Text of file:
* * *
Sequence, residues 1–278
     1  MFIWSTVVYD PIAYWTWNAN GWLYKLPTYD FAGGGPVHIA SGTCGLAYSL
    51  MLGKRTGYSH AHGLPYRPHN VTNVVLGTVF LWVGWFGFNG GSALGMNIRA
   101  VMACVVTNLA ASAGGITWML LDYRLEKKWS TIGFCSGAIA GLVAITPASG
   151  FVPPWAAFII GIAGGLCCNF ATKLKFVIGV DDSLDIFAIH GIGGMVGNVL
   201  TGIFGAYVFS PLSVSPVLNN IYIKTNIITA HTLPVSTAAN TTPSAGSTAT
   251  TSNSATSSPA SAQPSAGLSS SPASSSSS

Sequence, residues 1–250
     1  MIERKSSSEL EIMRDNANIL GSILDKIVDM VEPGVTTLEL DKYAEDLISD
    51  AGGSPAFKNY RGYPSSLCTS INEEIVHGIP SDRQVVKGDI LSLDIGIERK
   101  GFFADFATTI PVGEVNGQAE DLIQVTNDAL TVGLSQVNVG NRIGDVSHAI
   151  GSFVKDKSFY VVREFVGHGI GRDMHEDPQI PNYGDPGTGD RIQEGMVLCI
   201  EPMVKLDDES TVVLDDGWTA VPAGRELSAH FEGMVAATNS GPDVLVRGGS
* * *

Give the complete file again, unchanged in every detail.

Sequence, residues 1–278
     1  MFIWSTVVYD PIAYWTWNAN GWLYKLPTYD FAGGGPVHIA SGTCGLAYSL
    51  MLGKRTGYSH AHGLPYRPHN VTNVVLGTVF LWVGWFGFNG GSALGMNIRA
   101  VMACVVTNLA ASAGGITWML LDYRLEKKWS TIGFCSGAIA GLVAITPASG
   151  FVPPWAAFII GIAGGLCCNF ATKLKFVIGV DDSLDIFAIH GIGGMVGNVL
   201  TGIFGAYVFS PLSVSPVLNN IYIKTNIITA HTLPVSTAAN TTPSAGSTAT
   251  TSNSATSSPA SAQPSAGLSS SPASSSSS

Sequence, residues 1–250
     1  MIERKSSSEL EIMRDNANIL GSILDKIVDM VEPGVTTLEL DKYAEDLISD
    51  AGGSPAFKNY RGYPSSLCTS INEEIVHGIP SDRQVVKGDI LSLDIGIERK
   101  GFFADFATTI PVGEVNGQAE DLIQVTNDAL TVGLSQVNVG NRIGDVSHAI
   151  GSFVKDKSFY VVREFVGHGI GRDMHEDPQI PNYGDPGTGD RIQEGMVLCI
   201  EPMVKLDDES TVVLDDGWTA VPAGRELSAH FEGMVAATNS GPDVLVRGGS